Before the start of business, Just Security provides a curated summary of up-to-the-minute developments at home and abroad. Here’s today’s news.


A failed hostage rescue mission in Dafaar, Yemen, carried out by U.S. Special Forces over the weekend led to the death of 13 people, including American journalist Luke Somers and a local al-Qaeda leader. The raid on al-Qaeda in the Arabian Peninsula (AQAP) was the second attempt to rescue Somers, which President Obama said he authorized based on information that Somers’ life was in “imminent danger.” [Reuters’ Mohammed Ghobari and Mohammed Mukhashaf]

South African hostage Pierre Korkie, who also died in the raid, was reportedly set to be released by AQAP yesterday, following negotiations between the terrorist group and a South African humanitarian relief organization. The U.S. sought to defend the commando raid, with officials stating they were unaware of the deal and did not know Korkie was being held alongside Somers [AP; The Guardian’s Peter Salisbury et al]

The Pentagon will not review its policy on rescuing hostages following the weekend’s failed bid. Defense Secretary Chuck Hagel said the process for approving such raids is “about as thorough as it can be.” [Wall Street Journal’s Julian E. Barnes et al]

The U.S. has “few good options” in its efforts to rescue American prisoners, as highlighted by the third failed rescue mission in recent months, writes Shane Harris. [The Daily Beast]


The U.S. transferred six Guantanamo Bay detainees to Uruguay this weekend, the Defense Department announced early yesterday. The group of six constitutes the largest single release of inmates from the prison since 2009. The agreement with Uruguay was finalized last spring and was delayed due to Secretary of Defense Chuck Hagel’s slow pace in signing off the deal, reports Charlie Savage. [New York Times]

Abu Wa’el Dhiab was among those released to Uruguay. Dhiab, a Syrian inmate held since 2002, brought the first legal challenge against the prison’s force-feeding program; his release will not have an impact on the ongoing trial. [The Guardian’s Spencer Ackerman]

The New York Times editorial board calls on the administration to release footage of prisoner force-feeding, suggesting that the “government defends its demand for secrecy by trying to have it both ways.”

The release of the detainees “highlights the historic evil of Guantanamo,” argues Glenn Greenwald, noting that they had been cleared for release by the Pentagon for years but “nonetheless remained in cages.” [The Intercept]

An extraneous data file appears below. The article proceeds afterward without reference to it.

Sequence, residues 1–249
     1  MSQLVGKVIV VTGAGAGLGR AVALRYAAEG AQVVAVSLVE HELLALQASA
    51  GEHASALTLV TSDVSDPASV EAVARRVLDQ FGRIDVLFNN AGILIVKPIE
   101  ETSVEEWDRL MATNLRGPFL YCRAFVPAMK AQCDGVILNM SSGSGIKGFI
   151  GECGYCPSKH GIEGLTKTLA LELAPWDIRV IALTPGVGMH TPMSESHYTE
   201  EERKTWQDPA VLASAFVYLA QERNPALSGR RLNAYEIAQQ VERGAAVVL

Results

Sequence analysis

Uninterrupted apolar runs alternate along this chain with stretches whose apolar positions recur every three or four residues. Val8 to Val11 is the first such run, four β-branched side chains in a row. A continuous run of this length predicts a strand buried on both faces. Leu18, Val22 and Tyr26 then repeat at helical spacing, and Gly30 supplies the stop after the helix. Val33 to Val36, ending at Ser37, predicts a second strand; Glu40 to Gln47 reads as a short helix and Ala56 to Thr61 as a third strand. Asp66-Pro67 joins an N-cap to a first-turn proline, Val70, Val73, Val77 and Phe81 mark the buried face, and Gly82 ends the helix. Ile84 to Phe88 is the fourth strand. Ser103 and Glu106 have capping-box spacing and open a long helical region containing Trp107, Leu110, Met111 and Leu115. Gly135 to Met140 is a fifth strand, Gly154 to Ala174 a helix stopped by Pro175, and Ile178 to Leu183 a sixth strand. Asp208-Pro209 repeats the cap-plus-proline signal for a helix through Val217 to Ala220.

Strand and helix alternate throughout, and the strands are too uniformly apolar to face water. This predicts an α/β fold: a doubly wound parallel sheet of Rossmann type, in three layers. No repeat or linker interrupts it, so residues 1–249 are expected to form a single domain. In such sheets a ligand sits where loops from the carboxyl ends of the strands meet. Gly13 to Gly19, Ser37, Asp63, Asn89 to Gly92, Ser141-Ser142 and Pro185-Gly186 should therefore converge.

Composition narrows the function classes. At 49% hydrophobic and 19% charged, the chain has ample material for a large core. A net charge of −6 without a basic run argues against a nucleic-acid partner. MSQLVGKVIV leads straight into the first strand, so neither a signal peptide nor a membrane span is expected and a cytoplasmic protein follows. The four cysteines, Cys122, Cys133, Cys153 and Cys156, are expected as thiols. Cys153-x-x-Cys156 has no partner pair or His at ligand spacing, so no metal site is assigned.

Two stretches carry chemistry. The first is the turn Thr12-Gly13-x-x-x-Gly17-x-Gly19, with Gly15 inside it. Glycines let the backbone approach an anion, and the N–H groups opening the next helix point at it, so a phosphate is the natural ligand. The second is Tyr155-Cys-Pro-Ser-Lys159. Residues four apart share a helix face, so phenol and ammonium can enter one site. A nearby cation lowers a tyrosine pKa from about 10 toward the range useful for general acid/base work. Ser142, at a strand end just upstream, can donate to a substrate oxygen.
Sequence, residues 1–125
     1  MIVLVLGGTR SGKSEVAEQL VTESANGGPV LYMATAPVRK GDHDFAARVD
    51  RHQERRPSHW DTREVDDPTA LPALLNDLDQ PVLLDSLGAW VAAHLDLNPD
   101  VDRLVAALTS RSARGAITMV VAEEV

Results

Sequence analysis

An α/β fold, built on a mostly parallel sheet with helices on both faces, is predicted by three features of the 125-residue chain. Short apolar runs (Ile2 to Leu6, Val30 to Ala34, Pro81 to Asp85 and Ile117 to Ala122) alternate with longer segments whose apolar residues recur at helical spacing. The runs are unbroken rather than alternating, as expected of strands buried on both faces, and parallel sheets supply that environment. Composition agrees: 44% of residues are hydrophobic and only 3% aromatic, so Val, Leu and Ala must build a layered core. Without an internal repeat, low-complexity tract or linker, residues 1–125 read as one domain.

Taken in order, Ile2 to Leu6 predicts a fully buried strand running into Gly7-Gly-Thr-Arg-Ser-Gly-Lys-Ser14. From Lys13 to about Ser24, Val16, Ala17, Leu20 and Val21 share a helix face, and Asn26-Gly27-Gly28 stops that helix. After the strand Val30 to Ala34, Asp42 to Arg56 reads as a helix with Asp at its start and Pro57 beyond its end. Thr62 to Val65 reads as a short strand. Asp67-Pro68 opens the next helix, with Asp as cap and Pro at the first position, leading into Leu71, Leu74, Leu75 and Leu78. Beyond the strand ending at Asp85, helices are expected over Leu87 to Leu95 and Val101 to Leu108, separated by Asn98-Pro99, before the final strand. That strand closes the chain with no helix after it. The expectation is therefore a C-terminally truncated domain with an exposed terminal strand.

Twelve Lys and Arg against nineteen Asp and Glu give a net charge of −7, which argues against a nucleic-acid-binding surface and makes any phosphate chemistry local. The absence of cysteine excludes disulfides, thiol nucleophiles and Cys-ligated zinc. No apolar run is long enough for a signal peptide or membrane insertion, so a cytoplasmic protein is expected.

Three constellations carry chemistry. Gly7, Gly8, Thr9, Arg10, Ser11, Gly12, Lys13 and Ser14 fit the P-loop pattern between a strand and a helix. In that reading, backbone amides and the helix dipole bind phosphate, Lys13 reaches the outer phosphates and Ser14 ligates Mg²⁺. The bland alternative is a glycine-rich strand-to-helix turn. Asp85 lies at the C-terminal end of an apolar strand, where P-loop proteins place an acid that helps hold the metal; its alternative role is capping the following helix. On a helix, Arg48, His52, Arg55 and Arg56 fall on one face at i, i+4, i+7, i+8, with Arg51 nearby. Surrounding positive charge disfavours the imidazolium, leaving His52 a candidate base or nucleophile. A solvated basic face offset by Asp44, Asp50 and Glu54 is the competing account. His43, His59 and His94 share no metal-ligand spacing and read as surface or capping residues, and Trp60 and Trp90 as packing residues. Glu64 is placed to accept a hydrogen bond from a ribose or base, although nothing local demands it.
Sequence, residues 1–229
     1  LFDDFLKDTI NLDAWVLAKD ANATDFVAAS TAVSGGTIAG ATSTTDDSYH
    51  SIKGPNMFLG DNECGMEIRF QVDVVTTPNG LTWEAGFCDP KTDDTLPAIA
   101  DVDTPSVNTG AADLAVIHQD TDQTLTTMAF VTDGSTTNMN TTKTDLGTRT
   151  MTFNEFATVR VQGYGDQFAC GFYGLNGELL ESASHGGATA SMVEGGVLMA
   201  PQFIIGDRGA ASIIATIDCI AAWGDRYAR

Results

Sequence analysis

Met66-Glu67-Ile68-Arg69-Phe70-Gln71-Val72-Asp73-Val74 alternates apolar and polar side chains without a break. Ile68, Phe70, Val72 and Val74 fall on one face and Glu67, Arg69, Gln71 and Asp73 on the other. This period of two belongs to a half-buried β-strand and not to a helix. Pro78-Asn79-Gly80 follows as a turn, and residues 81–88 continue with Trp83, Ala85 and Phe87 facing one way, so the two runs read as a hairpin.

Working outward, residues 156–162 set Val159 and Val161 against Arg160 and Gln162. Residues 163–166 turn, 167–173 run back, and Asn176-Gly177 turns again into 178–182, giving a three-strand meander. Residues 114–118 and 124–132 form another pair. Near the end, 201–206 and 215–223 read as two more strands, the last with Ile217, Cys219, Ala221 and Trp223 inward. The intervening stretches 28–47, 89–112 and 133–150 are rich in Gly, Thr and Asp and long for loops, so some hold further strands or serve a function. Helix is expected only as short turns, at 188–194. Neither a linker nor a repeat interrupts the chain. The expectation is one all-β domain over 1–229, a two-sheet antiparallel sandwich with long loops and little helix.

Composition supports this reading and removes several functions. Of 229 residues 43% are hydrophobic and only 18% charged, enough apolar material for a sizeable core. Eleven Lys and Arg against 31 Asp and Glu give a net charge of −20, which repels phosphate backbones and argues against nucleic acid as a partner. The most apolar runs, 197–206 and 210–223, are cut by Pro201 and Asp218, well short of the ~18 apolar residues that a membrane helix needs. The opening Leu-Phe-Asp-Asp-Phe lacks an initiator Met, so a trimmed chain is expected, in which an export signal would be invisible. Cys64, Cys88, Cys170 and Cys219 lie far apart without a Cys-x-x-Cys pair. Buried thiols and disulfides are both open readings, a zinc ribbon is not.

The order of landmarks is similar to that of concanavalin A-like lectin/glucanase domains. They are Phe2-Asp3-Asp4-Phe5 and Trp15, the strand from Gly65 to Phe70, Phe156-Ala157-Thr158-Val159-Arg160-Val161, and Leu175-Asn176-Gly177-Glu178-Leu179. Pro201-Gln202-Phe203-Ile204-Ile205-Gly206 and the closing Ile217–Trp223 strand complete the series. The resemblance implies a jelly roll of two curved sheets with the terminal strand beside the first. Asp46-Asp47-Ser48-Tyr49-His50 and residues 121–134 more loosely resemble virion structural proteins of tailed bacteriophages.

The White House indicated support for the planned release of the executive summary of the Senate Intelligence Committee’s report on the CIA, despite reports on Friday that Secretary of State John Kerry asked for the release to be delayed, citing the possible backlash against U.S. forces and hostages overseas. [Politico’s Josh Gerstein]

Former President George W. Bush and ex-CIA officials challenged the report’s conclusions over the weekend, pre-empting its release this week. [New York Times’ Peter Baker]  Former CIA Director Michael Hayden dismissed allegations that his agency lied about its interrogation program, while suggesting the report could be used by America’s enemies to motivate attacks against U.S. facilities and personnel overseas. [CBS News’ “Face the Nation”]

House Intelligence Committee chair Mike Rogers expressed similar concerns about the report’s release on CNN’s “State of the Union,” while Senate Intelligence Committee chair Diane Feinstein outlined her efforts to secure the report’s release in an interview with the Los Angeles Times’  Brian Bennet.

The CIA is likely to issue a muted response to the Senate report, and is unlikely to defend the former interrogation programs, according to current and former officials. [The Daily Beast’s Shane Harris and Tim Mak]

“[T]here are huge strategic drawbacks to torture,” writes active-duty counterintelligence officer Lt. Col. Douglas A. Pryer, who disputes the arguments of torture advocates that “enhanced” interrogation techniques yield intelligence. [Foreign Policy’s “Best Defense”]


The Syrian military accused Israel of carrying out two airstrikes near Damascus on Sunday. Israeli officials refused to confirm or deny the reports. [New York Times’ Isabel Kershner]  Creede Newton writes that the reported strikes, which follow an apparent meeting between Hezbollah and the Russian deputy foreign minister, appear to be sending a warning message to Russia and Iran, in addition to the Assad regime. [The Daily Beast]

U.S.-led airstrikes continue. From Dec. 3-5 U.S. military forces conducted six airstrikes in Syria, five of which were near Kobani. Separately, the U.S. and partner nations carried out 14 airstrikes in Iraq. [Central Command]